New boom may be much different than the first
DUST IN THE WIND
by Bill Boyle
We may be on the brink of another uranium boom in southeast Utah, but this one will likely be much different than the first one.
On July 6, 1952, when Charlie Steen discovered a rich vein of uranium ore in Lisbon Valley, the down-on-his-luck geologist went from dirt-poor to unimaginably rich.
Steen's success inspired others, who realized the tremendous wealth that the uranium ore held. The boom brought significant equity riches to the area.
Steen was so wealthy, so quickly, that he was able to leverage his ore holdings into a uranium empire. He was the chief force behind the construction of a massive uranium processing mill in Moab. He owned not only the ore, but also key portions of the entire enriching process, from drilling and mining, to transportation, to milling and beyond.
You have to look to California to see similar phenomena. The creation of instant wealth in San Juan County in 1952 is similar to the Gold Rush of 1949 or the Silicon Valley Rush of the late 1990s.
The contrasts to our apparent boom of 2007 are stark. Instead of offering unimaginable riches overnight, the current boom is requiring the expenditure of hundreds of millions of dollars before seeing the return of the first dollar of profit. Significant expenses are affiliated with securing ore reserves, stockpiling ore, upgrading processing plants, and securing licensure.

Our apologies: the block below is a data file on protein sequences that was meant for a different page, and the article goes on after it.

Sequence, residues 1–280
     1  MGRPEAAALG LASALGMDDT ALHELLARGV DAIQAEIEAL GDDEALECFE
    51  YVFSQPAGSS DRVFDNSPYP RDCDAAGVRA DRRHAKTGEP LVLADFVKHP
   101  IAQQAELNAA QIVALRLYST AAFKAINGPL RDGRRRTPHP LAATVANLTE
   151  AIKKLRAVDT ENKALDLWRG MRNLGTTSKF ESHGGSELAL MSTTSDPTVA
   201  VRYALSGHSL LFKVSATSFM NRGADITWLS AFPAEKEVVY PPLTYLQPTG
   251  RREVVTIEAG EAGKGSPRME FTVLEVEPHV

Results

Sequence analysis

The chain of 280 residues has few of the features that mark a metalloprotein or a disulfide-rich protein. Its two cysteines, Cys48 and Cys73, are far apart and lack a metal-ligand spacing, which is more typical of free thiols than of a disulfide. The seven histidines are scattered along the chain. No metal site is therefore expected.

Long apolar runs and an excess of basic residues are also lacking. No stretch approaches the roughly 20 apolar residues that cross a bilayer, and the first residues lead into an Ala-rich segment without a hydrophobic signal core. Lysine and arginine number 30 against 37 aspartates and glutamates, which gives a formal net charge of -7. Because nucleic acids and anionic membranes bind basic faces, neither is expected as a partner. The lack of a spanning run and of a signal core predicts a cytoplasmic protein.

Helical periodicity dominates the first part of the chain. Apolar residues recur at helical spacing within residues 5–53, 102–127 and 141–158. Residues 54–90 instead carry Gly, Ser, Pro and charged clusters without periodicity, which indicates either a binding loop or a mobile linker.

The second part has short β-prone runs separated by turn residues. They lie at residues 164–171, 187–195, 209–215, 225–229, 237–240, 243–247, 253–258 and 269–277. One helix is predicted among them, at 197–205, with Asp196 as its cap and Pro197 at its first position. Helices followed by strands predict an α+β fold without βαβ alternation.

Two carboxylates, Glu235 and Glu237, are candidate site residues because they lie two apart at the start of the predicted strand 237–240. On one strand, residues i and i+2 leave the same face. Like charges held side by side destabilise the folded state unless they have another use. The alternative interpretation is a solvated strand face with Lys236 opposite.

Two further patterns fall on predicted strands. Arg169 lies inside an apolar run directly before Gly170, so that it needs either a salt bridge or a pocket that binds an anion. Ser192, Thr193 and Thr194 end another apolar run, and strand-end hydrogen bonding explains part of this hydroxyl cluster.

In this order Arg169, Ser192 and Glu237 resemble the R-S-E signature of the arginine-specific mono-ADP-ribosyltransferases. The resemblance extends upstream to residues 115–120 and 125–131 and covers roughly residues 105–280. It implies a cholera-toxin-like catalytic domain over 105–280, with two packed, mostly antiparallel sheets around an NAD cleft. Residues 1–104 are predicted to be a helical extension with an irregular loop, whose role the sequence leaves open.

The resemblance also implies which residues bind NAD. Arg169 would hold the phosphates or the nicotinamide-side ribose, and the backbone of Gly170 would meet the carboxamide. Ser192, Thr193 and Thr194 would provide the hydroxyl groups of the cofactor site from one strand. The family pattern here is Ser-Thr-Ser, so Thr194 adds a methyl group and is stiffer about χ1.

The companies making these investments, and their equity owners, are far from southeastern Utah. In fact, the major players are Canadian companies. So while the boom may mean significant contracts for miners and secure employment for mill workers and ore transporters, the mind boggling wealth which marked the 1950s uranium boom will likely pass by San Juan County residents.
There are those who say that there were no casualties from the nuclear incident at Three Mile Island in March, 1979. Nothing could be farther from the truth. While the radiation exposure for workers at the facility were approximately equivalent to one-sixth of a standard chest X-ray, there were significant casualties far from the Pennsylvania power plant. The key casualty of the Three Mile Island disaster was the entire uranium industry in the Four Corners area.
The much more dangerous disaster at Chernobyl, Ukraine in April, 1986 apparently sealed the fate of the industry. It has taken more than 28 years for the uranium industry to reach its current level of recovery.
Now, 28 years after Three Mile Island and 21 years after Chernobyl, the threat of high oil prices and terrorized oil fields, a suddenly sympathetic environmental community, and the specter of global warming has created a situation where the industry may be able to recover.